There’s no denying that the world is obsessed with Kate Middleton’s style. Her glossy chestnut locks are pinned to thousands of Pinterest boards, internet users are obsessed with her budget beauty tips, and, should she ever step out in a high street dress, she whips online shoppers into a frenzy as they try to get their hands on the exact same item.
So it’s no surprise that, on her recent trip to Poland, the Duchess of Cambridge was approached by a number of young students – all of whom were clamoring to tell her that she’s their “beautiful and perfect” idol.
Speaking to the Mirror Online, Magda Mordaka explained: “We are fans of the British monarchy. We have a Facebook group.
“We love [Kate Middleton’s] style, and her contact with people. We were waiting for this visit from the very beginning. What would she wear? Would she bring the children?
“We were telling her that she is beautiful and perfect.”
However, the royal is said to have given a surprising response to the Polish student's comments.
Instead of accepting their compliments, and further perpetuating the myth of perfection, Middleton decided to get honest with them: looking the teenagers in the eye, she told them that there really is no such thing as looking or being perfect.
“She said it's not true,” said Mordaka.
And, when asked for more details about her own ‘flawless’ good looks, Middleton told them the truth: “It's just good make-up.”
This is not the first time that Middleton has done her best to dismantle the myth of perfection: during a public speech in London earlier this year, the Duchess admitted that she has found motherhood incredibly challenging.
“Personally, becoming a mother has been such a rewarding and wonderful experience. However, at times it has also been a huge challenge,” she said.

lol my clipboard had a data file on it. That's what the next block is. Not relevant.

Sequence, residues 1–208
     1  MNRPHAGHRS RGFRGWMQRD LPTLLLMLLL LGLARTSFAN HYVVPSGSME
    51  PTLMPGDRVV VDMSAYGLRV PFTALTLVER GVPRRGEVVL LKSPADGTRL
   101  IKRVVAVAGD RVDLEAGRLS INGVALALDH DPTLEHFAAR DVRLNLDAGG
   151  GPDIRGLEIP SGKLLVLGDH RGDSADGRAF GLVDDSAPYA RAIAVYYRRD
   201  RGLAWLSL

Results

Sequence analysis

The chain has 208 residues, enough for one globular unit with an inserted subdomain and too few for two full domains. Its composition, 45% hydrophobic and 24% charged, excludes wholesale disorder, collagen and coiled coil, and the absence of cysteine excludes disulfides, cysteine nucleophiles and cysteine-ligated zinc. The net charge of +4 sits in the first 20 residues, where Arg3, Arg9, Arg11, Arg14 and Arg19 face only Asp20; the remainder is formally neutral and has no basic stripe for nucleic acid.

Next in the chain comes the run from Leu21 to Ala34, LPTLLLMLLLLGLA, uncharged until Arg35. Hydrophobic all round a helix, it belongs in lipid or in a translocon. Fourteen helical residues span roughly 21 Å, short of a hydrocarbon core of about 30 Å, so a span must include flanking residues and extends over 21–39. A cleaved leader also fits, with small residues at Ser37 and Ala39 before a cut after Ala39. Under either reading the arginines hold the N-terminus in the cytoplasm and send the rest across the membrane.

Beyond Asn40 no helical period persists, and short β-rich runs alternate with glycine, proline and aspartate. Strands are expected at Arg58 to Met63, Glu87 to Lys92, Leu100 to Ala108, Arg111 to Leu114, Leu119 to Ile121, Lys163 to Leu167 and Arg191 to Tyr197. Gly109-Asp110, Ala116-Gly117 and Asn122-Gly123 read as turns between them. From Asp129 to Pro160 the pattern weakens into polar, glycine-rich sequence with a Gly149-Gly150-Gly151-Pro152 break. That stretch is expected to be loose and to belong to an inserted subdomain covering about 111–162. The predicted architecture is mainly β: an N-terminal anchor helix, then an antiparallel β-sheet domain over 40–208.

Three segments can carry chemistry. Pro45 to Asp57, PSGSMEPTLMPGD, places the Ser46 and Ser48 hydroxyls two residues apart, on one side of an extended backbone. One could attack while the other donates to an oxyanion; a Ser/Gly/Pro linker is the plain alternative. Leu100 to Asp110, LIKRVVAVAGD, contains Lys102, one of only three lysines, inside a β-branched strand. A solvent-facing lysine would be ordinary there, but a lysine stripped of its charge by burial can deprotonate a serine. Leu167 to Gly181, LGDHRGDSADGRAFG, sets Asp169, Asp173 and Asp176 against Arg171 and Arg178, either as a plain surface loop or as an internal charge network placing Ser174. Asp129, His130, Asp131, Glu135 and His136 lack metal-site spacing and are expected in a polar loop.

“Even for me, who has support at home that most mothers do not. Nothing can really prepare you for the sheer, overwhelming experience of what it means to become a mother. It’s full of complex emotions of joy, exhaustion, love, and worry, all mixed together.”
Middleton went on to say: “There is no rule book, no right or wrong; you just have to make it up and do the very best you can to care for your family.
“For many mothers, myself included, this can at times lead to a lack of confidence and feelings of ignorance. Sadly, for some mothers, this experience can be made so much harder due to challenges with our very mental health.”
According to Middleton’s speech, two in ten women will suffer from pregnancy-related mental issues – and she, along with Heads Together, hopes to empower women to speak out when they are struggling with their emotional wellbeing.
“If any of us caught a fever during pregnancy, we would seek advice and support from a doctor,” she added.
“Getting help with our mental health is no different. Our children need us to look after ourselves and get the support we need.”
Images: Rex Features